SF Best of 2002 : The Discharge [Dream Archipelago] - Christopher Priest
SF Best of 2002 : Aboard the Beatitude - Brian W. Aldiss
SF Best of 2002 : Droplet - Benjamin Rosenbaum
SF Best of 2002 : The War of the Worldviews - James Morrow
SF Best of 2002 : Breathmoss [Ten Thousand and One Worlds] - Ian R. MacLeod
SF Best of 2002 : Angles - Orson Scott Card

Two women and a cat? On top of trying to keep up with everything? That's tough.

5 out of 5

Soldier's marathon space race conversion.

4 out of 5

Life history lesson appearance.

3 out of 5

Beauty software adjustments.4 out of 5

Quantum war captain's legend.

4 out of 5

Archipelago escort-aided AWOL ends in ultrasonic MP inferno.

3 out of 5

Interstellar genocidal military maniac mental case.

3 out of 5

Quantum Girl vs Warboy. Reddish brainball remains.

3 out of 5

Mini-Martian military mayhem managed by middle-aged madmen.

4 out of 5

Aliens, interstellar travel Gateways, all pretty run of the mill, according to girl, but boys are freaks.

3 out of 5

Muon memory slant multiversal emigration confrontation.

4 out of 5

Beauty software adjustments.

4 out of 5
6 of 10 people found the following review helpful
HASH(0xa2b622dc) out of 5 stars Eccentric Choices from Editors Who Should Know Better April 4 2003
By A Customer - Published on Amazon.com
Format: Mass Market Paperback
Naturally the judgments of the casual reader are often attended with sneers of contempt by those in the know. Those in the know, know that Silverberg and Haber are very able editors, writers, and extremely nice people. But about half of these stories are not only among the year's worst, some actually don't make any sense at all. The odd choices are Robert Reed's "Coelacanths" and Orson Scott Card's "Angles." The Reed story is one of those intentionally confusing stories that compels the reader to "figure out" what's going on--as if readers really enjoy doing that, particularly when the reader is never, ever told, even in the end. Were the human beings in the story actually "bacteria" living on the surface of one character's bicuspid? Were they microminiaturized and living in multi-dimensions? I read the story twice and I still never understood where this was taking place or why. The Card story, published on his website (which means it was probably rejected by all other magazines), is part lecture about parallel universes and part story with obscurely elitist overtones. Only the last three pages make any kind of sense whatsoever. (I thought, in structure, "Angles" was trying to do what Harlan Ellison did so expertly in his story "Deathbird" of a decade ago.) Then there's the opening story by Charles Stross called "Tourist," an over-written, hyper-cyberpunk story that must have been included because of Mr. Stross' clear control of the English language. It's also a story that attempts to out-cyber William Gibson. But sparkly, techno-hip lanugage does not necessarily a techno-hip story make.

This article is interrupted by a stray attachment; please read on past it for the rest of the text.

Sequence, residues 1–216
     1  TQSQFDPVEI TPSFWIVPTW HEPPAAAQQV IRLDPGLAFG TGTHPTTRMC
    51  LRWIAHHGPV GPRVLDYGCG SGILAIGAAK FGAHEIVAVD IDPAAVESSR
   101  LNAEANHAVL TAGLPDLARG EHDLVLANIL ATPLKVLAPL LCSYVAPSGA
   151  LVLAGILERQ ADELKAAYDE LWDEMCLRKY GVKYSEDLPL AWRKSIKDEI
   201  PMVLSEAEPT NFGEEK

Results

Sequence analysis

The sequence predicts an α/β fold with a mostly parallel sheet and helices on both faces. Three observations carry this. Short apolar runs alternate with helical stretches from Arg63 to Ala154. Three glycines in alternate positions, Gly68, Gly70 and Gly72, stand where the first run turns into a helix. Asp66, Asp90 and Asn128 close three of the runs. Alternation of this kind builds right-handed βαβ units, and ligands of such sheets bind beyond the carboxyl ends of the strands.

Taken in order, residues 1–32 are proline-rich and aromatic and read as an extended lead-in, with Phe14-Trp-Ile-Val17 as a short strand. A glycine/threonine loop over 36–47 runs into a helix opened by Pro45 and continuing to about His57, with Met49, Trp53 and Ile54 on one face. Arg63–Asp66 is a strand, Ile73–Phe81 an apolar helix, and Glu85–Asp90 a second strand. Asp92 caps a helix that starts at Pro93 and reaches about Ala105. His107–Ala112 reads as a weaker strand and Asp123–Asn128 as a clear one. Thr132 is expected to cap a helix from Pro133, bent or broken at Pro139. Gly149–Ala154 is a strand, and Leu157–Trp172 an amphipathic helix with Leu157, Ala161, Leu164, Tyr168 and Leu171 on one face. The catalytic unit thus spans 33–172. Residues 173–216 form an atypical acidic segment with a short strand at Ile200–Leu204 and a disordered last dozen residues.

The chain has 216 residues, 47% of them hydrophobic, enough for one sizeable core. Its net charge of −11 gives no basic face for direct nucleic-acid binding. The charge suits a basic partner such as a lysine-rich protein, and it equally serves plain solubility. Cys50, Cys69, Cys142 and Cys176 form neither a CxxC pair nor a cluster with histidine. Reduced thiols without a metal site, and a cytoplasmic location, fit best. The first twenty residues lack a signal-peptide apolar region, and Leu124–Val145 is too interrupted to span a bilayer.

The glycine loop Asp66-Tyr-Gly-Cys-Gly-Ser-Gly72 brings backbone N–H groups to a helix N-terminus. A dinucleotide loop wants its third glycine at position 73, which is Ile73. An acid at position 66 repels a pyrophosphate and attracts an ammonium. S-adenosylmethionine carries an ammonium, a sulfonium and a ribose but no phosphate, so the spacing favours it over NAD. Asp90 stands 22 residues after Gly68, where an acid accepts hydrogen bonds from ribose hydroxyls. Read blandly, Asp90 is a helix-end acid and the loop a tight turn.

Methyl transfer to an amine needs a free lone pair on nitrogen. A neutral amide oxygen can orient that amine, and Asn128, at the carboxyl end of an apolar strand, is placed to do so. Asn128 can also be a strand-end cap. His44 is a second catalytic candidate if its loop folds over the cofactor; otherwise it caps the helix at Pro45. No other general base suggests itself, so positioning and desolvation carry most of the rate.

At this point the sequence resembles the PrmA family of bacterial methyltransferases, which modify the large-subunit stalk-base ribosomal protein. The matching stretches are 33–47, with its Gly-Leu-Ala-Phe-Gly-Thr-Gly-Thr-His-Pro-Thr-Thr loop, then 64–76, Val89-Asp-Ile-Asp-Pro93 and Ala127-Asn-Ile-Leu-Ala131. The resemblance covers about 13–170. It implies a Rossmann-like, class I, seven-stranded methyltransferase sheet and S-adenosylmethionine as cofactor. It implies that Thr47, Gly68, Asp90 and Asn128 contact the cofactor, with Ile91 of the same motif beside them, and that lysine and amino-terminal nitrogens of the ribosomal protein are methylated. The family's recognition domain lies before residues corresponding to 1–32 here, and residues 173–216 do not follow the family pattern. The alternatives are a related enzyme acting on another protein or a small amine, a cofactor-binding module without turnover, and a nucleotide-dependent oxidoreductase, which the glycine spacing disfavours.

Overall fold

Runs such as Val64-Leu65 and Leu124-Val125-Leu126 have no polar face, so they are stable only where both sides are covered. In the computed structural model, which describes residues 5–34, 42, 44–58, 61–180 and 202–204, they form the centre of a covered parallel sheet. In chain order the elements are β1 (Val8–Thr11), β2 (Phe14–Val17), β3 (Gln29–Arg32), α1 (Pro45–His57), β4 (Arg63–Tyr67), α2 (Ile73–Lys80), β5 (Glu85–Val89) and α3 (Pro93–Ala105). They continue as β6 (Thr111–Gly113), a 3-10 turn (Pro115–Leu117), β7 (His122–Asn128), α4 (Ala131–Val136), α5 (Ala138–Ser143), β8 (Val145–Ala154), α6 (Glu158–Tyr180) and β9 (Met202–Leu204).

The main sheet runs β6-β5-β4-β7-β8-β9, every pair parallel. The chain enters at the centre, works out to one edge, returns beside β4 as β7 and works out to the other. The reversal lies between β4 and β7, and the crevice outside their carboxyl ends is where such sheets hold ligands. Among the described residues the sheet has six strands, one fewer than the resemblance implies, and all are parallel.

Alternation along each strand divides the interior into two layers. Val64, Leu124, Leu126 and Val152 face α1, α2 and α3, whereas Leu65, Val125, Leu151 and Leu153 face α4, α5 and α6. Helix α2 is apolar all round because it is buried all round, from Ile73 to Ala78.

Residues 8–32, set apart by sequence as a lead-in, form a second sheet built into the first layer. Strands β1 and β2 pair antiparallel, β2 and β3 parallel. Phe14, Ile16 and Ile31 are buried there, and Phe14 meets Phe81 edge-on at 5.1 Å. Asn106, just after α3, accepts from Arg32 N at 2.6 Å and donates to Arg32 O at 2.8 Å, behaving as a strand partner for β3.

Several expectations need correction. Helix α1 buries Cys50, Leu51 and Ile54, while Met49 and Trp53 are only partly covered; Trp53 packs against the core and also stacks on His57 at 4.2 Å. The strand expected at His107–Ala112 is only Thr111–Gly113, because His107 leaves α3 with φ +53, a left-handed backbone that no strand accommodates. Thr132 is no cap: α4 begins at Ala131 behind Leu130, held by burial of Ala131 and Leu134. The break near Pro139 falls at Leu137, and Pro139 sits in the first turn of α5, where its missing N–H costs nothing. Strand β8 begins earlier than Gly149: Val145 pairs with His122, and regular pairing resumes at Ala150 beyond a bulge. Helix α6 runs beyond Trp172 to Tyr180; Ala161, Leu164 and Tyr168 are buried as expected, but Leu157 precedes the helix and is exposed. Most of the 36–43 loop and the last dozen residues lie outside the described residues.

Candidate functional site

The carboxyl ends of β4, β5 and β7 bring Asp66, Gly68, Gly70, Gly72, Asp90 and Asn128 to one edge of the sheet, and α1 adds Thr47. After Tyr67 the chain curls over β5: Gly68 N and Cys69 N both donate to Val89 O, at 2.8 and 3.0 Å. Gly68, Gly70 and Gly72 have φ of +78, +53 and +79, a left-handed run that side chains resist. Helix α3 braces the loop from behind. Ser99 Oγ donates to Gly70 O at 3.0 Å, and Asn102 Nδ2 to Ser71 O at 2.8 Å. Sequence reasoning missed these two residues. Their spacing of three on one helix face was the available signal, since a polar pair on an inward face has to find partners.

The truly great stories here are those by Brian Aldiss, Christopher Priest, and Geoffrey A. Landis. Indeed, the Landis might even be a classic of a kind. It's an old-fashioned John W. Campbell Jr. romp about conflicting ideologies regarding individualism and a great chase through relativistic space across the centuries. It's also very economically written and drew me right in.
But overall the anthology is very uneven and inexplicably eccentric. Like all other anthologists, Silverberg and Haber are mostly spotlighting their friends and not looking to publish the ACTUAL best stories of the year. (What a concept!) Card may be the success story of the year (perhaps the decade, and some would say of the century), but his contribution is easily his weakest story here and probably should have remained on his website. It was, however, the reason I bought this anthology in the first place.
I recommend buying any other collection but this, especially if the Landis is in it. Oh, one other thing: Be advised: there are only three SHORT stories in this collection. All others are Novella or Novelette length, a lot less bang for your buck.